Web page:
Paul Newman and Elizabeth Taylor in Cat on a Hot Tin Roof, 1958
By Stephen M. SIlverman
Superstar to superstar. To Paul Newman, Elizabeth Taylor was "a functioning voluptuary … a courageous survivor, a helluva actress and someone I am extremely proud to know."
Even in the sanitized 1958 MGM version of Tennessee Williams's potent drama in which they costarred, Cat on a Hot Tin Roof – with the sultry Newman as the drunkard ex-athlete Brick and an indelible Taylor as his neglected wife, Maggie the Cat – the two sent audiences' pulses racing. But they were more than simply sex symbols. Both proved themselves Academy Award-level actors and world-class humanitarians.
"What can you say about a legend?" Newman muses at the beginning of the four-minute video love letter. Acknowledging but not dwelling upon her remarkable violent eyes or stunning beauty, Newman instead concentrates on her screen presence, "her volatility, her sense of truth."
"On the screen," he said, "her very presence seemed to radiate charm."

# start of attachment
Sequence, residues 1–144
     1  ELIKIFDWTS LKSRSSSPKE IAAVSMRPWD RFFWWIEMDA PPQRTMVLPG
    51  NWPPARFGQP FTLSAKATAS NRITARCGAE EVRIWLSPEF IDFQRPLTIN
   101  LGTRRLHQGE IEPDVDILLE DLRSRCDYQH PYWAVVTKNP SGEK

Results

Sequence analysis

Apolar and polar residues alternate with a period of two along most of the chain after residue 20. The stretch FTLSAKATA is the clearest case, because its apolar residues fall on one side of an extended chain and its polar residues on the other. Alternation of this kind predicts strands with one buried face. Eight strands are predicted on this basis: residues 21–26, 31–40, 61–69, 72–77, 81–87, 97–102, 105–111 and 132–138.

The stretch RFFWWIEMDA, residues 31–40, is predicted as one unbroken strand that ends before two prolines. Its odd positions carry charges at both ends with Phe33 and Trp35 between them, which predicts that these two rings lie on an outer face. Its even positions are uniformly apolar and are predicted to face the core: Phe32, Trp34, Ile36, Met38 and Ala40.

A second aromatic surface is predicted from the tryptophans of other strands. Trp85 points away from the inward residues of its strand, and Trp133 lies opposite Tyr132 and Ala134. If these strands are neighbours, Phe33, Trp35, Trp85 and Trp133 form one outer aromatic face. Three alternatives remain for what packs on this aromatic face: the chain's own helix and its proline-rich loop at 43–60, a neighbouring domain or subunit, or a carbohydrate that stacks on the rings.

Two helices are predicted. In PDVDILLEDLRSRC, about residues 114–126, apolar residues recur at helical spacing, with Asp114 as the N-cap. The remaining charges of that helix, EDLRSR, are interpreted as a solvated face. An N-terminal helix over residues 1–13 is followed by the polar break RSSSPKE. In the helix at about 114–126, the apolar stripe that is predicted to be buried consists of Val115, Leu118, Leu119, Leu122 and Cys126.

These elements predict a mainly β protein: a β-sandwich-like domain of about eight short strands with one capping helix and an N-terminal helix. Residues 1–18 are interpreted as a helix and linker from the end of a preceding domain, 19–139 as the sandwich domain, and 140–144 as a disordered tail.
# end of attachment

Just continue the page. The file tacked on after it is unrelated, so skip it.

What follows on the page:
And while "she practically grew up in front of the camera," Newman noted, "her life has not been an easy or a private one, but a series of tribulations, serious illnesses, senseless tragedy and lost love."
Left a widow during the making of Cat on a Hot Tin Roof when the private plane carrying her husband, impresario Mike Todd, crashed in New Mexico, Taylor continued acting as Maggie, finding the work therapeutic. "I was overwhelmed with her professionalism," Newman said.
"One thing for sure: She is not afraid to take chances in front of people. I find a lot of actors who reach the top, they become very protective of themselves, and self-indulgent, but not Elizabeth," added Newman. "I was always staggered by her ferocity."
Echoing a sentiment that was often said about Taylor – who was unstintingly devoted to friends (and costars) Rock Hudson, Montgomery Clift and Roddy McDowall – Newman said, "Not only is she a phenomenal actress, but she is also a generous human being and one who cherishes and works at her friendships. She gives her talent and her time unselfishly … She has risen above her pain and troubles to help others overcome theirs."
On Sunday April 10, Turner Classic Movies will present a 24-hour tribute to Elizabeth Taylor, with nine films, including the two for which she won the Best Actress Oscar, 1960's BUtterfield 8 and 1966's Who's Afraid of Virginia Woolf?